When the host of a parasite invades new territory, the parasite species might invade with it. In a recent Journal of Parasitology paper, Novak and Goater (2013) explored how the lung fluke Haematoloechus longiplexus invaded Vancouver Island when it’s definitive host bullfrog (Lithobates catesbeianus) was introduced in the 1930’s and subsequently established in the wild.
H. longiplexus has a complex life cycle that requires three hosts. Therefore, in order for H. longiplexus to establish in new territory, the two intermediate hosts must be present along with the invading bullfrog.
Physa snails are geographically widespread, and occurred in Vancouver Island before the bullfrogs invaded. Furthermore, Novak and Goater (2013) found H. longiplexus metacercariae in six damselfly species in sites along the East coast of Vancouver Island. Therefore, H. longiplexus went to Vancouver Island with its bullfrog hosts, and was lucky enough to find functional intermediate hosts already present. Invasion success!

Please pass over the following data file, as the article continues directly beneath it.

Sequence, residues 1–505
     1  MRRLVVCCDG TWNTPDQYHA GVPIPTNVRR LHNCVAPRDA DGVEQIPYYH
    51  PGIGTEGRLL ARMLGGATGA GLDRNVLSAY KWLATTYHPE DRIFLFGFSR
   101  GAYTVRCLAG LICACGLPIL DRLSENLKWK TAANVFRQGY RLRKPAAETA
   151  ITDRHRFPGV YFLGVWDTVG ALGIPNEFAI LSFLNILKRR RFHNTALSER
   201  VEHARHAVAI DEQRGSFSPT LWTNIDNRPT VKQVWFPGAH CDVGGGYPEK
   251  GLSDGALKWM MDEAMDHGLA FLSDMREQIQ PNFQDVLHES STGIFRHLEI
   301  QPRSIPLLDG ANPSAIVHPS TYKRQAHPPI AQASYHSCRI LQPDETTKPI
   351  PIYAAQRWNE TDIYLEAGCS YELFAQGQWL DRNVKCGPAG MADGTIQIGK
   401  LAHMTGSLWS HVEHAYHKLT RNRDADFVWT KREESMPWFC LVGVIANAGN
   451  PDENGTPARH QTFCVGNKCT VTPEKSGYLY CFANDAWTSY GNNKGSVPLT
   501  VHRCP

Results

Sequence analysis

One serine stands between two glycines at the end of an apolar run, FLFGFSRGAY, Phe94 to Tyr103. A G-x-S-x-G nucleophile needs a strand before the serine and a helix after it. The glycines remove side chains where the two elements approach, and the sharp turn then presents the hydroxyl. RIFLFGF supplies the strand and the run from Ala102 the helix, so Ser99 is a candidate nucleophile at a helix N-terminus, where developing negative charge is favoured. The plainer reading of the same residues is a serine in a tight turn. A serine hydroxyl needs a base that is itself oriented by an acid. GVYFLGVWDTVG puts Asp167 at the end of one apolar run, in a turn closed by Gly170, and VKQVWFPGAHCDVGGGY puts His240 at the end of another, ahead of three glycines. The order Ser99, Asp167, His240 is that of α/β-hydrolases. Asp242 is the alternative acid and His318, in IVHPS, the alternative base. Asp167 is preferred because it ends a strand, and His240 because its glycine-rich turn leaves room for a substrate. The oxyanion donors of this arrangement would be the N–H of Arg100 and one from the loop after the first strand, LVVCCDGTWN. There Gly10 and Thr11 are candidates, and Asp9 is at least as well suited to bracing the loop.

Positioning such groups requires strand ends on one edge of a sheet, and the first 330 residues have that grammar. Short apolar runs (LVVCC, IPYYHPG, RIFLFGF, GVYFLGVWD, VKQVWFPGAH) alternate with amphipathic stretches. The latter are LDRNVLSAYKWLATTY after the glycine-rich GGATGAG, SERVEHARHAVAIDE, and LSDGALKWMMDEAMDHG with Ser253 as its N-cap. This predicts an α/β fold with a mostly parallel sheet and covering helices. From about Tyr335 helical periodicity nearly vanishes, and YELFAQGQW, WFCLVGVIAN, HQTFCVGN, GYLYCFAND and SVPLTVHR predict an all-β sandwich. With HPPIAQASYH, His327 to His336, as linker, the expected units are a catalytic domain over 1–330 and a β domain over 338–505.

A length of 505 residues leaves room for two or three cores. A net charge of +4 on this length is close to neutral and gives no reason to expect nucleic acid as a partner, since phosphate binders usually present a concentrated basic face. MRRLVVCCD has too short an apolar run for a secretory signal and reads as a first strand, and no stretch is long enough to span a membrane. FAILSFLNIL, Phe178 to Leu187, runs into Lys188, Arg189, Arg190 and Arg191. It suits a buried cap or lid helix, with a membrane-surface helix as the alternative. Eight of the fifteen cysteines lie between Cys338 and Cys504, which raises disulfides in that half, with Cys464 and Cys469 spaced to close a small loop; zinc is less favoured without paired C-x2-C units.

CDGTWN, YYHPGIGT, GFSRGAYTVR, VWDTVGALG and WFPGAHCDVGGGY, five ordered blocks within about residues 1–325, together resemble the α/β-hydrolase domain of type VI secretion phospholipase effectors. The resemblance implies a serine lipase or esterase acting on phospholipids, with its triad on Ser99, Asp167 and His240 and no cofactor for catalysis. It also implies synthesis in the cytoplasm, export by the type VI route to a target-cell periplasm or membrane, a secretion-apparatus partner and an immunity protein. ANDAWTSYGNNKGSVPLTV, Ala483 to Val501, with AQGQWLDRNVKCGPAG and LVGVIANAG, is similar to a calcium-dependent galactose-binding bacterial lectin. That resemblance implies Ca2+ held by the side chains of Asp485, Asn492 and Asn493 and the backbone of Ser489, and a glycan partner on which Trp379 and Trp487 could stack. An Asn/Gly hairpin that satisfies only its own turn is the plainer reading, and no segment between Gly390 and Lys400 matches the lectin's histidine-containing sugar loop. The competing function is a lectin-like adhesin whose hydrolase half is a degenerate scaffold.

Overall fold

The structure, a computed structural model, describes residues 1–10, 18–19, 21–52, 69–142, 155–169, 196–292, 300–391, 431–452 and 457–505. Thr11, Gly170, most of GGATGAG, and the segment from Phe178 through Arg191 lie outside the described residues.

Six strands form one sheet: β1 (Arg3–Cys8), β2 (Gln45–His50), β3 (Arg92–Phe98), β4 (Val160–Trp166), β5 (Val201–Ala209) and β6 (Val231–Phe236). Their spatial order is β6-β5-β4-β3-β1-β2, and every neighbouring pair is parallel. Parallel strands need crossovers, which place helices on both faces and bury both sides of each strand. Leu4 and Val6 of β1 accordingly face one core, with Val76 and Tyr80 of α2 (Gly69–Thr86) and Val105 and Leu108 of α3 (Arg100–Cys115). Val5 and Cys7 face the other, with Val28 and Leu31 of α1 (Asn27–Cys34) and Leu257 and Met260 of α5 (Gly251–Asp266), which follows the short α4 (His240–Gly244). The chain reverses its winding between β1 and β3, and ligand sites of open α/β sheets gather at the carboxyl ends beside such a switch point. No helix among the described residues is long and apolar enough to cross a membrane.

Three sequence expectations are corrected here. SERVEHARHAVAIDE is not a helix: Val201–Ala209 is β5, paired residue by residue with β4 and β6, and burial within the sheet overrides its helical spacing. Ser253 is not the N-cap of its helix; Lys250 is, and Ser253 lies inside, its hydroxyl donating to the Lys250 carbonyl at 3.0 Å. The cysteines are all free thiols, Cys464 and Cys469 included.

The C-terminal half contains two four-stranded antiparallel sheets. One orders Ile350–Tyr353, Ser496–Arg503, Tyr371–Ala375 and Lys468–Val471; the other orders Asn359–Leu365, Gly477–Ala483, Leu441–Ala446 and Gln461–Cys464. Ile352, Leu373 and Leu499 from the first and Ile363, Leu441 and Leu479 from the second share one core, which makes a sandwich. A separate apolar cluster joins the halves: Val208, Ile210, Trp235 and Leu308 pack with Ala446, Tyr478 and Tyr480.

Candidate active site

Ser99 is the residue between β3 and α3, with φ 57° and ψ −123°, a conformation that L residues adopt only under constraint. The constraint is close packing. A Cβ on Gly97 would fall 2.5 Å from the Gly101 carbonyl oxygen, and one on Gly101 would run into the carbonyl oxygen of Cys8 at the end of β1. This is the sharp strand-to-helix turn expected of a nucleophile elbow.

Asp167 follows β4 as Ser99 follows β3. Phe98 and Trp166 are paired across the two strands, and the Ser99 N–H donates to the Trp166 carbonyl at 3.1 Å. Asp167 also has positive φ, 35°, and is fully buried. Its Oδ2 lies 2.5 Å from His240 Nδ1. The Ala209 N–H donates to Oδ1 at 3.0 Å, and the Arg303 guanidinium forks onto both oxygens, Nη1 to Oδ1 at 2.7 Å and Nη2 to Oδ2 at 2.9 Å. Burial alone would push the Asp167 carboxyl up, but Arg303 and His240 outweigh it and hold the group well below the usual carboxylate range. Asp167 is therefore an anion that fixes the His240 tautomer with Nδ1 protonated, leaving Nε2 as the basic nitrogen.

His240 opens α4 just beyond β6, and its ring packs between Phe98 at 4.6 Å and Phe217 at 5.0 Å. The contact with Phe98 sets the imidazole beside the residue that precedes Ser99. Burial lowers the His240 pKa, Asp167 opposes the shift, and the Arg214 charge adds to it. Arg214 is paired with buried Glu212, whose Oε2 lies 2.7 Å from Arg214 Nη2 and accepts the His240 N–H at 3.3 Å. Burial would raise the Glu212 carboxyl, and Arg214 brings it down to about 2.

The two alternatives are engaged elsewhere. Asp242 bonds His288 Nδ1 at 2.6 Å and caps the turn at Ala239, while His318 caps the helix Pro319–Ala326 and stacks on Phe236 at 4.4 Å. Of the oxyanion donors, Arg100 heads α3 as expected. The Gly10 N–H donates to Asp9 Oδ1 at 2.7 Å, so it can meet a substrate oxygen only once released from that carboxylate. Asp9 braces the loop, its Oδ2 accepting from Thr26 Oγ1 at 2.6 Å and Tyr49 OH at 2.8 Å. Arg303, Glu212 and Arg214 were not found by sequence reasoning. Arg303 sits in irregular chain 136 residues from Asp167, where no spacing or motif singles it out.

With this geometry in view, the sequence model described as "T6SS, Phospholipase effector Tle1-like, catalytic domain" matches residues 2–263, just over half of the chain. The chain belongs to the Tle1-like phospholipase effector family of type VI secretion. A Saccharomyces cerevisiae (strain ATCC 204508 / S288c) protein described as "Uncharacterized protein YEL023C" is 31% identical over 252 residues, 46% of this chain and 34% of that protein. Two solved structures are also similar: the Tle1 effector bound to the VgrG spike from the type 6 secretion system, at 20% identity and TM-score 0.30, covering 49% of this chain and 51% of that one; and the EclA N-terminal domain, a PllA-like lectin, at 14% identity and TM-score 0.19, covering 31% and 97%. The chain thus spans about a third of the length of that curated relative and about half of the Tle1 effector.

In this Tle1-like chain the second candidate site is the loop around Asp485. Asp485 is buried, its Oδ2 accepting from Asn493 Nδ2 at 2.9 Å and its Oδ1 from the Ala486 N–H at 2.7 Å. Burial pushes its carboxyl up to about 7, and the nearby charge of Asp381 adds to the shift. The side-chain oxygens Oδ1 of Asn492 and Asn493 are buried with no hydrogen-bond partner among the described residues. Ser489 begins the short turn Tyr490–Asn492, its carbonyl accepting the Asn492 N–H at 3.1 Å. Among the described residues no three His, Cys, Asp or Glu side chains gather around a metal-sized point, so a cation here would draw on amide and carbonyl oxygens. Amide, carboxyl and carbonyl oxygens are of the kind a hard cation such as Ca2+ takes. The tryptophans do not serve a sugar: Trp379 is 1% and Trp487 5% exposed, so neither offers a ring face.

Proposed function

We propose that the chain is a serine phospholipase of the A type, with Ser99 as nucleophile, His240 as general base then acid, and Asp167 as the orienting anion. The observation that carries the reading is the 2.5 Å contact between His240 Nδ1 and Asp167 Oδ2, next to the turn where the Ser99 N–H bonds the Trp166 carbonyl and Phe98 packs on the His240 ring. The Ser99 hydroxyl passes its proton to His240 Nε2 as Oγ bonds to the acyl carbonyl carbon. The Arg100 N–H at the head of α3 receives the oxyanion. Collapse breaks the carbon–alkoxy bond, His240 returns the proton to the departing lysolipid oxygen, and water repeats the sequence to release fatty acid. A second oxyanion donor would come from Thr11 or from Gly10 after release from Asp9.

Interesting note: No dragonflies had H. longiplexus metacercariae, so H. longiplexus is a damselfly specialist in Vancouver Island. One explanation for this host specificity might be that when dragonfly larvae undergo metamorphosis, they lose their metacercariae, but metacercariae in damselfly larvae aren’t lost. So, if a bullfrog snacks on an adult dragonfly, it won’t get infected, but if snacks on an adult damselfly, it might!
Can you think of any other reasons for host specificity in H. longiplexus?
Novak, C.W. and T.M. Goater. 2013. Introduced Bullfrogs and Their Parasites: Haematoloechus longiplexus (Trematoda) Exploits Diverse Damselfly Intermediate Hosts on Vancouver Island. Journal of Parasitology, 99(1): 59-63.